Are you SURE your perception of control is due to the rise? The Jones bars move your hands further back and depending on stem length, this can make you feel like you are leaning over the bar and losing some control. I've fixed that with a longer stem. You want the hands further back so you can sit up, but depending on top tube length etc. its something you need to do a little tuning to get right sometimes.
Thank you. Great info.

I'm using this on a folding fat tire bike with a stem riser already included. Meant to mention that. It's not too high, but I've got a very slight feeling of riding a laid back motorcycle with raised handlebars....very slight. I got the longer 710mm bar (vs 660) and am considering cutting the ends a bit. But I want to get some more experience with it when I focus on the ride and not the freezing. lol

You reinforced what I was thinking. I'll need to try the flat bar before I can understand which works better for me. I'll get one and my wife can use the riser on her bike if she likes.

Thanks
 

m@Robertson

Well-Known Member
Region
USA
Glad I could help even if only a bit.

I personally would get rid of that stem riser first. Those things are a menace. I'm assuming you mean one of these:

51CT1pOFZAL._AC_SL1000_[1].jpg


I have all of mine at the wider width. In fact I have recently found I very much like extending them to roughly 800mm. Not something everyone would do by any means. the extra length provides a nice sit-up-and-back option for the times you are cruising and for sure won't be needing the brakes in an instant. I use thick aluminum tubing cut to fit within the available length of straight gauge alloy in the bars, affixed VERY firmly with a silicone wrap over the inner tube, then covered with Wolf Tooth Mega Paw (my choice for that extra diameter) grips, two per side and sealed together with the same silicone tape used as a grip wrap.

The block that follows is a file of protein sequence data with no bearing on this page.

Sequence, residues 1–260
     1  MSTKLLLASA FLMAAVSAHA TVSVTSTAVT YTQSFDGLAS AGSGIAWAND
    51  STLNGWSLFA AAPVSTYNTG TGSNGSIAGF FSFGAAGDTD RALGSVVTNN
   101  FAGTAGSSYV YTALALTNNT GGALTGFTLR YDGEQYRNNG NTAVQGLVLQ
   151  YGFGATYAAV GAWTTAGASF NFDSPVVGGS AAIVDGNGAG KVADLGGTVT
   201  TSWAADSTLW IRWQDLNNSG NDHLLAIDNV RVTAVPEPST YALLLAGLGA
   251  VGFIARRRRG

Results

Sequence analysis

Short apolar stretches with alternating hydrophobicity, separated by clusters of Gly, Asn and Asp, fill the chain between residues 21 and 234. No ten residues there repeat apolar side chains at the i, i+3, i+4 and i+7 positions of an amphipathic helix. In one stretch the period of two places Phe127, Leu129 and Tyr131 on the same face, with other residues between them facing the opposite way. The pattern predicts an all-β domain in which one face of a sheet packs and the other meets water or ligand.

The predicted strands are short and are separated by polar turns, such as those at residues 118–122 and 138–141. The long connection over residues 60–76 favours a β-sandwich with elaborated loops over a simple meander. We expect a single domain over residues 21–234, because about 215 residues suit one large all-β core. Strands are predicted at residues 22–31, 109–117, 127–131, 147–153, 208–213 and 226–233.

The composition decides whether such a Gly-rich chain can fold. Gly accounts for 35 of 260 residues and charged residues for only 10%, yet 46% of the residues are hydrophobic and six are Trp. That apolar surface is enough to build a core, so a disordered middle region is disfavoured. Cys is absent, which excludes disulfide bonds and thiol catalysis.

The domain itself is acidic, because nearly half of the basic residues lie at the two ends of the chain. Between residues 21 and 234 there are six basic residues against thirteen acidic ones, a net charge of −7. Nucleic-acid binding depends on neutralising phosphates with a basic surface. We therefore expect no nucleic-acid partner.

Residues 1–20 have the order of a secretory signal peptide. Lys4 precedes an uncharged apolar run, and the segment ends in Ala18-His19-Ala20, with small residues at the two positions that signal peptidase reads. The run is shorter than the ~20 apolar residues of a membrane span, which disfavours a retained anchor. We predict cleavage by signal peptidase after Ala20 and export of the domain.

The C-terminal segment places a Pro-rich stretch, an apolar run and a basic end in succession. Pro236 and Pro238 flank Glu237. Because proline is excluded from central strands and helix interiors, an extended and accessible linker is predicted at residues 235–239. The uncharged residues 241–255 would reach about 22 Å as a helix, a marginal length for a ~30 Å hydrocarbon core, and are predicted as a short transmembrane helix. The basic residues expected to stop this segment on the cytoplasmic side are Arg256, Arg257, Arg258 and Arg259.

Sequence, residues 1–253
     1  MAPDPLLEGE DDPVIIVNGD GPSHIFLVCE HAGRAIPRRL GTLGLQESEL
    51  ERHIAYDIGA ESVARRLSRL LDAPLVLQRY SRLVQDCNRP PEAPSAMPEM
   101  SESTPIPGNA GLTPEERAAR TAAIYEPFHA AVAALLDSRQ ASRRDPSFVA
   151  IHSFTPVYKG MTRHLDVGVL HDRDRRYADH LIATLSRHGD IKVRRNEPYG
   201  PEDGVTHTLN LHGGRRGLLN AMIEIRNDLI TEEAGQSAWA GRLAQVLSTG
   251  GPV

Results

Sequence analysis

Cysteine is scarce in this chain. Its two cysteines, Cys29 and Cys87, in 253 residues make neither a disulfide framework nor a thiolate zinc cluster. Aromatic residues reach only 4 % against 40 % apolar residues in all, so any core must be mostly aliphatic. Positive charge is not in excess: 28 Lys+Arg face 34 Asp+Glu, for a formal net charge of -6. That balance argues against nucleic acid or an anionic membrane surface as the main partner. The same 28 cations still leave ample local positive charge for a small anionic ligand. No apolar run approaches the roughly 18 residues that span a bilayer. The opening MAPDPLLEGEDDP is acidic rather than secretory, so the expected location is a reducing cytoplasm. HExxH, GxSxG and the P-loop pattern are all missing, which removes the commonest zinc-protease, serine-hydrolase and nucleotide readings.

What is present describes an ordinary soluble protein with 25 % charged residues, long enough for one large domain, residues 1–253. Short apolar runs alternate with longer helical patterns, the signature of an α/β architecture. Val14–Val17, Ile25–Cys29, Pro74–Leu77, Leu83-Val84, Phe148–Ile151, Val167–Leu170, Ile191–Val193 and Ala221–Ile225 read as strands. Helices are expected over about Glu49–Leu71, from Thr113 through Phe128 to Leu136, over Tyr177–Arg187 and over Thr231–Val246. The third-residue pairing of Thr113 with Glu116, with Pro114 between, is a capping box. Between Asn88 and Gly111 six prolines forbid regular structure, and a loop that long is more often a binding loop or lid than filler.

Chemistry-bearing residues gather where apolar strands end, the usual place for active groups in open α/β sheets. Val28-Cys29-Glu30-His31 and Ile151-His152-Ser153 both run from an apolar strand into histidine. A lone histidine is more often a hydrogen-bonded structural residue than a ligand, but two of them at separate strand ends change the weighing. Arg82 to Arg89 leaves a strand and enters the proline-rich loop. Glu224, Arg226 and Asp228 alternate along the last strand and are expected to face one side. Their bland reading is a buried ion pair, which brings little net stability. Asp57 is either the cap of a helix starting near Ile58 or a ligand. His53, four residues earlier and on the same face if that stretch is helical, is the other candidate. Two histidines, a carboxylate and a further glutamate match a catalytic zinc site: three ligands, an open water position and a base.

pxl_20211208_153652111.jpg


Even if I didn't extend the bars, I do something very similar with the grips. the silicone grips wrapped in silicone tape are very survivable over time and if you take a divot out of them, the self-adhesive silicone tape sticks to itself so you can just do another wrap and ... instant repair.

PXL_20210323_003006785.jpg
 
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Bicyclista

Active Member
I have been using a 710mm Jones H-Bar with 2.5-inch rise plus a stem riser for several years on my 2016 Haibike AllMtn ebike. If anything, I found the Jones H-Bar provides more control, not less. I also like the extra real estate for cockpit gadgets. Just like @m@Robertson, I put a lot of stuff on them: bell, lights, GoPro, iPhone, etc.
 

murbot

Member
Region
USA
City
MOUNT AIRY, MD USA
Thank you

m@robertson -
Stem: I'm stuck with the stem rise on this bike. It's a hybrid\campground use bike for a couple years while I heal and hopefully get back to some mt biking before too long.

Width: I like the feel of the 710 when cruising, but things get tight for me often enough that my ends will snag. I might take as little as 12-15mm of each end.